I played a lot of music, with a lot of great people. Made some new friends, some good connections, and a few faux pas. Achieved two of the three Things You Must Do At Pinewoods: I danced so much that my legs died (albeit only for a little while) and I went skinny dipping in the pond. I did not have a fling, though one was offered to me. To the relevant people, thanks for everything. I had a really wonderful time, and I miss you already. Perhaps next year?
I said before I left that, one way or another, I was going to have paid some dues by the end of my time at Pinewoods. I was right. Wasn't always comfortable, wasn't always easy, but will always be remembered. Our time together was too short, but there will be others.
|Wednesday July 18, 2001 Twelfth Night|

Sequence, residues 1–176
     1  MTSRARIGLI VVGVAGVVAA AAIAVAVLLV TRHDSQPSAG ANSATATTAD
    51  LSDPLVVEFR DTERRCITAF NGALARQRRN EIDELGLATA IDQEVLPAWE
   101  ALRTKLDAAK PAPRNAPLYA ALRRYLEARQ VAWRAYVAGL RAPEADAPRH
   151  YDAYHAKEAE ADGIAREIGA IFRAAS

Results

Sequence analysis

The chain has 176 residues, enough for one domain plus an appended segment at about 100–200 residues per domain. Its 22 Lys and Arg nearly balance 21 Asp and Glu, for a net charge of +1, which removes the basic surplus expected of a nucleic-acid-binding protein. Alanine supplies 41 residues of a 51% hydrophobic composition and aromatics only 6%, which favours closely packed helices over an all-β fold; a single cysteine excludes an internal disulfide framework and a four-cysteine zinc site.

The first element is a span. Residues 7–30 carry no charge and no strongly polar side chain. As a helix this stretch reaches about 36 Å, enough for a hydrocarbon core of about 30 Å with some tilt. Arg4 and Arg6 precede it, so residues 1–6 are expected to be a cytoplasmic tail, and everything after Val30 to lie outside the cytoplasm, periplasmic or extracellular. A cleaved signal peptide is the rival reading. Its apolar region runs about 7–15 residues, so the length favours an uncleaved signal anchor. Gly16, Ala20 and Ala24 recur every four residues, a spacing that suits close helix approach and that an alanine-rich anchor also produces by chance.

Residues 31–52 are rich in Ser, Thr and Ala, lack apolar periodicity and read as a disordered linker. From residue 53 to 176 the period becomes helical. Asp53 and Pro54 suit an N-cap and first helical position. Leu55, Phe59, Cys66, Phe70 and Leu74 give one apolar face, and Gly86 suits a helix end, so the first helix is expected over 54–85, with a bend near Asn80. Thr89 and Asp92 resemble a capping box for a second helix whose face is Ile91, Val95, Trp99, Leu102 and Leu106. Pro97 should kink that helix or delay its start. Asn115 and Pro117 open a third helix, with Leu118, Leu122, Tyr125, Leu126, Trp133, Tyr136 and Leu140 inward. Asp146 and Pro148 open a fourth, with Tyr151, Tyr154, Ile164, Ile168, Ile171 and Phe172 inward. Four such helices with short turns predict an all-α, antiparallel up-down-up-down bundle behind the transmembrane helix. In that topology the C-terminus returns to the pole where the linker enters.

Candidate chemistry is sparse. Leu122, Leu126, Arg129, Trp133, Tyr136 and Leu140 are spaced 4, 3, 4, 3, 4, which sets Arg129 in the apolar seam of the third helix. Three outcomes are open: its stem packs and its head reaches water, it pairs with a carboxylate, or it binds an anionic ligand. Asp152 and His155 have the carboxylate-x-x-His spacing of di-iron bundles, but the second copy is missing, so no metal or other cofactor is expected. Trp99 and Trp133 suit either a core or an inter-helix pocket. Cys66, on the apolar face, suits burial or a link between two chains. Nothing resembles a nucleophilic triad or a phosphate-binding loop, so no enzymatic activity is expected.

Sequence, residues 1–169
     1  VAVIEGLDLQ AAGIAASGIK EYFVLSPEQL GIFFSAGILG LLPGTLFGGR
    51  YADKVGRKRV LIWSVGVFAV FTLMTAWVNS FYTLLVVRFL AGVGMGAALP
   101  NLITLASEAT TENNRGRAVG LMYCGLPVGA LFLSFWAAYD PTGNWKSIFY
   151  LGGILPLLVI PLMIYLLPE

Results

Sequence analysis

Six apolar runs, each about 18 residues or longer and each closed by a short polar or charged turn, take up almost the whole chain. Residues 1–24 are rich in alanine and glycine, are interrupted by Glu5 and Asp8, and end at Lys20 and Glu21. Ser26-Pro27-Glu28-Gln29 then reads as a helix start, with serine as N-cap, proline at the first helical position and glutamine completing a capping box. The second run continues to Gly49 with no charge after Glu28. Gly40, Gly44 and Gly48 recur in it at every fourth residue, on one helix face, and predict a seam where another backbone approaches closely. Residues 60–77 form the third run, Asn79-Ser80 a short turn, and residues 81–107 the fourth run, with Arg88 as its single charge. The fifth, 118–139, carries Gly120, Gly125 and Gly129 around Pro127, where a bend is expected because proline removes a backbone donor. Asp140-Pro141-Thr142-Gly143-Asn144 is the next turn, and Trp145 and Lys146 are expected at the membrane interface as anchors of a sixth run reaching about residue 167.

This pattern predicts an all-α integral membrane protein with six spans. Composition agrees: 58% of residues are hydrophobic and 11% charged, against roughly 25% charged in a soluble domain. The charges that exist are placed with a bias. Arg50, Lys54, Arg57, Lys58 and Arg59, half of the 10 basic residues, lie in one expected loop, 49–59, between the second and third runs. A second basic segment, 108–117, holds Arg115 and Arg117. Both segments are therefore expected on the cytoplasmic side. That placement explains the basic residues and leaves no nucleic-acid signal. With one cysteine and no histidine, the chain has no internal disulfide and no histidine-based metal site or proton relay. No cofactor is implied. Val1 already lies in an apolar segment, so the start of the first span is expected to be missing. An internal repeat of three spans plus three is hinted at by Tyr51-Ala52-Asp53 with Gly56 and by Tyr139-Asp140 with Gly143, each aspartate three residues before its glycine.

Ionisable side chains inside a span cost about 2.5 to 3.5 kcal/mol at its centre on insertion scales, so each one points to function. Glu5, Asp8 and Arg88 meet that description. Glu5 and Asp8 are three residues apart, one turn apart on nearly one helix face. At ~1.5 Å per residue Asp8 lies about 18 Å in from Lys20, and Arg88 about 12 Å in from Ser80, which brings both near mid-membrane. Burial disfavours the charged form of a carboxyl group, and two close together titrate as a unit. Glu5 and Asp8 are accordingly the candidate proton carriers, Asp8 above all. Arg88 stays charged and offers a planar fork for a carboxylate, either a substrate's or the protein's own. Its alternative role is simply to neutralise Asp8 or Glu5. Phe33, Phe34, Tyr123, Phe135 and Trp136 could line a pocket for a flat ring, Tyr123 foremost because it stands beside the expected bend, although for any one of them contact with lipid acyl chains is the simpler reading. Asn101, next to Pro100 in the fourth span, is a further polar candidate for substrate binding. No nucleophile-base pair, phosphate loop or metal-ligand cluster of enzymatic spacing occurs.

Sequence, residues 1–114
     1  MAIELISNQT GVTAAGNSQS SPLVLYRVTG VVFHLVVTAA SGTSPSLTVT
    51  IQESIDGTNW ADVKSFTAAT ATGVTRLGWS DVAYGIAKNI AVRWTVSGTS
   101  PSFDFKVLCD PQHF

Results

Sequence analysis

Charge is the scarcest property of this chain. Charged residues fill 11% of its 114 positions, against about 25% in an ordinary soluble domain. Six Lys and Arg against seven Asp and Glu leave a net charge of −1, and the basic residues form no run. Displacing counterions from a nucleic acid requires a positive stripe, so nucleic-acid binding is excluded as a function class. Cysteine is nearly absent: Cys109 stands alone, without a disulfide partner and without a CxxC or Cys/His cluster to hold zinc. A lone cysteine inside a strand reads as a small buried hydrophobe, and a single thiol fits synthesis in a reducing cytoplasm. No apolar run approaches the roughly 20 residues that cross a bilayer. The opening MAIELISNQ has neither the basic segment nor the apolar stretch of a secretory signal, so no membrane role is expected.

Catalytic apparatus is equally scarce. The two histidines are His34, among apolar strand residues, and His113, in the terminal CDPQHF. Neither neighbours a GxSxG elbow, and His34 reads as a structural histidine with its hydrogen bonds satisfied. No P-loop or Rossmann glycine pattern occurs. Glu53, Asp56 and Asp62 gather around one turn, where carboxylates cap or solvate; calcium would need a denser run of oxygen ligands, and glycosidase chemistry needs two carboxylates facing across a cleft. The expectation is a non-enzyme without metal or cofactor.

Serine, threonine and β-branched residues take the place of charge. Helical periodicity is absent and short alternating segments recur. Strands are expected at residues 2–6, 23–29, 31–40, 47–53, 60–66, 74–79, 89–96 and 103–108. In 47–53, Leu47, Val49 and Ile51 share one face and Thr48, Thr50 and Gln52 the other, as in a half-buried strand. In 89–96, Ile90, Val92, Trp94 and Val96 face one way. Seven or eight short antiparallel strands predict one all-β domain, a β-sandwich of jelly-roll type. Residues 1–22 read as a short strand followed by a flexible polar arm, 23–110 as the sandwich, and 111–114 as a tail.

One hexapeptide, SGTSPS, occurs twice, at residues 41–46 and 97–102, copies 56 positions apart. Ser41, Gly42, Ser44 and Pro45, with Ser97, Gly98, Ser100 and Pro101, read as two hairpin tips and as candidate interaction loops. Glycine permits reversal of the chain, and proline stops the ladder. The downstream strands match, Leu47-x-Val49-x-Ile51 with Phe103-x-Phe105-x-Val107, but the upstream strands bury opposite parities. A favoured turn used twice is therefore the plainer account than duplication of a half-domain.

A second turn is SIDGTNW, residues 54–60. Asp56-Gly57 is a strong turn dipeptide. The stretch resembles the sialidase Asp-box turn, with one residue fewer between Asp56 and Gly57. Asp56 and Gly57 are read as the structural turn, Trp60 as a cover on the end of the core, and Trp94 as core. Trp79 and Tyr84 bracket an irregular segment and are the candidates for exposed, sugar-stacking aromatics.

Tonight I went with Shye to see Repercussion Theatre's production of Twelfth Night in Ives Park downtown. They're a traveling theatre company based in Montréal, QC--had nice conversations with some people in French. Talked with one woman about various things while Shye was picking up a T-shirt; attempted to converse with their techies about their lighting board, but their English was about as good as my French, and we didn't manage to interact meaningfully. Oh well :)
Good show, though--their lighting design was strong, if simple, and they used music to great effect. Lovely costuming, too. They had some really clever tricks, too, like a runner to help lead the actors backstage when they had to make front-of-house exits. Very good.
Saw lots of people. It was good good good.
|Tuesday July 17, 2001 Piping|
Yes, I will tell you stuff about Pinewoods eventually. I'm just too busy being tired. I'm getting a little antsy about it. But more sleep will help.
Piping lesson tonight, wherein I played more crossing noises than you can shake a birl at. Got a new chanter reed, though. Exciting.
|Monday July 16, 2001 Tired|